For many years, the Emperor has made a taxonomic study of gobies, small fish found in fresh, brackish and marine waters. As a member of the Ichthyological Society of Japan, He published 30 papers in the society’s journal between 1963 and 1989. He was one of the contributors to The Fishes of the Japanese Archipelago (1st edition in 1984), the first illustrated book of all the fishes in Japanese waters. He served as honorary president of the Second International Conference on Indo-Pacific Fishes in 1985, and presented a paper, “Some Morphological Characters Considered to be Important in Gobiid Phylogeny,” which was later included in the conference proceedings.
Despite His heavy official duties, the Emperor published two papers in a joint work in 2000. His Majesty also became one of the co-authors of Fishes of Japan with Pictorial Keys to the Species, Third Edition published in 2013. The Second edition of the book was also published in English.
For His work in this field, His Majesty was invited to become a foreign member of the Linnean Society of London in 1980 and was elected as an honorary member of that Society in 1986. He has been an honorary member of the Zoological Society of London since 1992 and of the Research Institute for Natural Science of Argentina since 1997. He is also a research associate of the Australian Museum. In 1998, He became the first recipient of the King Charles the Second Medal, which is awarded by the Royal Society of London to those heads of state who have made outstanding contribution to the advancement of science.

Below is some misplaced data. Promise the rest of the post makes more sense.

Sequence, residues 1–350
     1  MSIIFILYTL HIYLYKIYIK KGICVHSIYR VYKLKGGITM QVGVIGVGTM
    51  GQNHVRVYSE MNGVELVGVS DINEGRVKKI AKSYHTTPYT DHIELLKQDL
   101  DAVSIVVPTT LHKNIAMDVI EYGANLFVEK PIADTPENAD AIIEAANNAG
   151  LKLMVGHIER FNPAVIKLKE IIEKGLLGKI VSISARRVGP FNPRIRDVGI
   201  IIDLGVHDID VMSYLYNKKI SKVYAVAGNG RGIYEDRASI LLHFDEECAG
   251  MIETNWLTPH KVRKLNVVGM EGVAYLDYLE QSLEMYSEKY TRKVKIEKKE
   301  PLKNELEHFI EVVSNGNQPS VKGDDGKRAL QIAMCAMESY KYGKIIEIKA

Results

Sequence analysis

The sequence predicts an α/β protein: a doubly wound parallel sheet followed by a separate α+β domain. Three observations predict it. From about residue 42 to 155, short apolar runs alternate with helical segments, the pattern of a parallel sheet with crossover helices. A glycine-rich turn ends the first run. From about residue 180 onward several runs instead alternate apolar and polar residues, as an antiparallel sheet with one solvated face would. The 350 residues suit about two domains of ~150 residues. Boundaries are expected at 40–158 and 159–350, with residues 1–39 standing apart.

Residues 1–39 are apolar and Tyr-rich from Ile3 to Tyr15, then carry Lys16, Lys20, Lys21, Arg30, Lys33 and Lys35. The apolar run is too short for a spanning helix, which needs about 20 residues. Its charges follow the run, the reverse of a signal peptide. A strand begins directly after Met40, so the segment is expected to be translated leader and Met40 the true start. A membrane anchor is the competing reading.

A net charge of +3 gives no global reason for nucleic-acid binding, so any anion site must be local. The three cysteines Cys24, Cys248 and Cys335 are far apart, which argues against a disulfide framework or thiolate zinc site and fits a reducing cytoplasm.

The Emperor has a keen interest in both Japanese and world history. At the request of the editor of the journal Science when it published a special issue on Japan in 1992, He contributed an essay “Early Cultivators of Science in Japan,” relating the history of early science in Japan after the arrival of the Europeans.
In 1999, to commemorate the 10th anniversary of His Majesty’s enthronement, a book Michi (The Road) was compiled and published, a collection of Their Majesties’ speeches, responses at press conferences, and waka poems. In 2009, a sequel to this book was published to commemorate the 20th anniversary.
The Emperor takes a keen interest in natural life and its conservation. He initiated a research project, involving more than 100 scientists, to compile accurate data on plants, trees and animals in the Imperial Palace Grounds including the Fukiage Garden, usually not open to the public. He also decided to open in May 2007 part of this garden to groups of adults and children for the first time in order to share the beauty of its nature with the people.